However, importantly, the Study notes that while the region is heavily exposed to LIBOR through OTC derivatives, the work undertaken to date by ISDA and IOSCO has played an important role in mitigating the risks associated with LIBOR discontinuation in relation to these derivatives. This means that LIBOR discontinuation may in fact be more problematic for participants whose exposure to LIBOR is through corporate bonds, syndicated loans and other cash products. Accordingly, the Study specifically recommends that EMEAP members increase awareness of LIBOR discontinuation amongst these participants.
The Study also encourages central banks to:
require banks to undertake a risk assessment and impact analysis of their LIBOR exposures, ensure senior management oversight of LIBOR transition issues, and prepare transition plans. These recommendations are consistent with measures already implemented by the HKMA;
collect more detailed information regarding exposure of their corporate bond and syndicated loan markets to LIBOR; and
encourage the launch and trading of new ARR-based products (as also previously encouraged by the HKMA and the MAS).
EU Benchmarks regulation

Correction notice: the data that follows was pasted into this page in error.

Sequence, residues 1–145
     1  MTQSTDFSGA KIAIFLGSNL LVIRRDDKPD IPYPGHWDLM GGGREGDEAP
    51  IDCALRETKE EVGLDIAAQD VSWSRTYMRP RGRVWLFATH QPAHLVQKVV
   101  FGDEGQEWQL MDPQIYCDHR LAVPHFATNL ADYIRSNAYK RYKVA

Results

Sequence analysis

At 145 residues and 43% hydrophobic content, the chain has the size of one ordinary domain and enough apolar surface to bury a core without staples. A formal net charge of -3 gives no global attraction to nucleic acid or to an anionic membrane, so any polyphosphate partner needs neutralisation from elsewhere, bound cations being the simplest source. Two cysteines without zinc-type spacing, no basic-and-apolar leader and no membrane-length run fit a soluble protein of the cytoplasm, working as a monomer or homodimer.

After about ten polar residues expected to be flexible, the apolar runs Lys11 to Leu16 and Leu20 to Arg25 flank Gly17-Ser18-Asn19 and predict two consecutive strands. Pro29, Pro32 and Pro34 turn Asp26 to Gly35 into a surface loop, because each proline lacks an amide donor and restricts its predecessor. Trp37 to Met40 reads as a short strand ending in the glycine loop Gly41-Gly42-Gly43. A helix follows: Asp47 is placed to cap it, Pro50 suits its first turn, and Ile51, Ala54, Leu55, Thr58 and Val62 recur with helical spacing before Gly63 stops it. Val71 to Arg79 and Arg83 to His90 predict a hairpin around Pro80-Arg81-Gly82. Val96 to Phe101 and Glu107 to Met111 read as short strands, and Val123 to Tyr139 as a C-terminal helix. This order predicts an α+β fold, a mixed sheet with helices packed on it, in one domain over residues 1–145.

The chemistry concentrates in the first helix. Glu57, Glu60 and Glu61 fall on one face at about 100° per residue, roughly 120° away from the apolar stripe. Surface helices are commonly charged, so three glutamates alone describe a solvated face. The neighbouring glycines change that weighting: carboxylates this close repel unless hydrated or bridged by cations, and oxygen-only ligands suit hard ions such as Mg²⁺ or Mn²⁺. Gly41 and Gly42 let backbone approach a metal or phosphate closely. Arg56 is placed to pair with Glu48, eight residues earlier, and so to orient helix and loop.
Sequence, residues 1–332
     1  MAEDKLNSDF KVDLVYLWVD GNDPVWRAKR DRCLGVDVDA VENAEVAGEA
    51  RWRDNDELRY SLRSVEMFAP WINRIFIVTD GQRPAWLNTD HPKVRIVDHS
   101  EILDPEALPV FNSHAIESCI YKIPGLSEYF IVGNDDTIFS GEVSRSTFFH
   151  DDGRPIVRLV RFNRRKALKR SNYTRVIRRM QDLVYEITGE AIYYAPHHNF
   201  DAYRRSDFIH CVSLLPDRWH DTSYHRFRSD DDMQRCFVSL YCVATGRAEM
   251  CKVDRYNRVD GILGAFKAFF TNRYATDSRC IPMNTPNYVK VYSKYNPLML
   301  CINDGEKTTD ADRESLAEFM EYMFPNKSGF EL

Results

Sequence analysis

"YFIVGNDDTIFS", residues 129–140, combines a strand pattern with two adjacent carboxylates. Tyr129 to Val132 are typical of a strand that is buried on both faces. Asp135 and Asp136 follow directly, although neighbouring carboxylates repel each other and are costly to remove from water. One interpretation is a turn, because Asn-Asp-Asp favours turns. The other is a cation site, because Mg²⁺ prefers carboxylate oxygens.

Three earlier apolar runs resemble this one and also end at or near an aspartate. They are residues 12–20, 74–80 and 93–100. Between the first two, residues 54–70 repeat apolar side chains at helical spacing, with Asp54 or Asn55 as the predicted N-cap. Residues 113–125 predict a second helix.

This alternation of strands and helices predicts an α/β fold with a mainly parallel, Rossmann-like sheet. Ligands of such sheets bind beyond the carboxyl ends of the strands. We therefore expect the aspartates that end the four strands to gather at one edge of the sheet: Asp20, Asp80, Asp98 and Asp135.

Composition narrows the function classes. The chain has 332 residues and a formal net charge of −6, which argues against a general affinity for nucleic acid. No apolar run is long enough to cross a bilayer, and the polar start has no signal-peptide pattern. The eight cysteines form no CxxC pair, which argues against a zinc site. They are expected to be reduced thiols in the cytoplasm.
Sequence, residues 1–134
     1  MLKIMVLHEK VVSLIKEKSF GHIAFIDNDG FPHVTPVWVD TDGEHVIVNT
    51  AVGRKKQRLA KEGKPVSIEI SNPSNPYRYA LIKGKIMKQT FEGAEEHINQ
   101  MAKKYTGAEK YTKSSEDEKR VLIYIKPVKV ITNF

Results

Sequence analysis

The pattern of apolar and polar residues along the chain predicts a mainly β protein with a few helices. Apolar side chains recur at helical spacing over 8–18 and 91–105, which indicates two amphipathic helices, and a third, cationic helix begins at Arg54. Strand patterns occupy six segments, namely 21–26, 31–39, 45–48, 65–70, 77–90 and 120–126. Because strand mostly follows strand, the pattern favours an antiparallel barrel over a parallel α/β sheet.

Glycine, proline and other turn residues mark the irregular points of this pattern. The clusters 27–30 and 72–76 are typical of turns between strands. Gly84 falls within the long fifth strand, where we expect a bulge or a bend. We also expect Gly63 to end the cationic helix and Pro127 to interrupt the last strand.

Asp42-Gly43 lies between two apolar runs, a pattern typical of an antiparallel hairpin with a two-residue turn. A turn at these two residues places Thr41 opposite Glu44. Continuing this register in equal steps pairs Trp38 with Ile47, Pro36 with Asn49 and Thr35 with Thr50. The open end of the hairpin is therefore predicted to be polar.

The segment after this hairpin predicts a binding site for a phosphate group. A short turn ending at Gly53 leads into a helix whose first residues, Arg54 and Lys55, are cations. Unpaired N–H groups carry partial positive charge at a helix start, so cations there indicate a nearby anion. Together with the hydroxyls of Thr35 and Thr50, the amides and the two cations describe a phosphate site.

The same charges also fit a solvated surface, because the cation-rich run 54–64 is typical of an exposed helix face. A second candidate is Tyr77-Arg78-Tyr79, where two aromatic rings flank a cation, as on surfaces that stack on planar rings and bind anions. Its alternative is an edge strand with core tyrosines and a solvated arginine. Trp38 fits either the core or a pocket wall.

The BMR will, from 1 January 2022, prevent EU supervised entities from using an unregulated third country (ie non-European) benchmark in the EU.
As noted in our December 2017 report with ASIFMA, and as quoted by EMEAP in their Study, the BMR exposes the APAC region to significant issues and challenges, including market fragmentation and decreased liquidity. The Study notes in particular that EMEAP members are concerned that the failure of non-EU benchmark administrators to seek registration under the BMR could potentially force EU supervised entities to exit certain markets due to the unavailability of funding and hedging instruments in EMEAP markets.
However, despite this, the Study notes that its members consider the impact on their jurisdictions to be moderate, rather than severe, but that the scope of the Study’s survey of members in relation to the BMR was limited to interest rate benchmarks only on the basis that such rates are generally most relevant to central banks. However, the Study also notes that a large number of interest rate benchmarks across the East Asia and Pacific region are administered by central banks, and as such are exempt from the scope of the BMR.
While these exemptions are likely to have reduced EMEAP members’ concerns in relation to the BMR, and may well be a primary driver of this “moderate impact” conclusion, we recommend against complacency. As noted in our previous reports with ASIFMA on this subject, (see our December 2017, February 2018, May 2018, and October 2018 reports), non-EU benchmark administrators, including of rates other than interest rate benchmarks (such as commodity and FX rates) face significant difficulties in seeking registration under the BMR.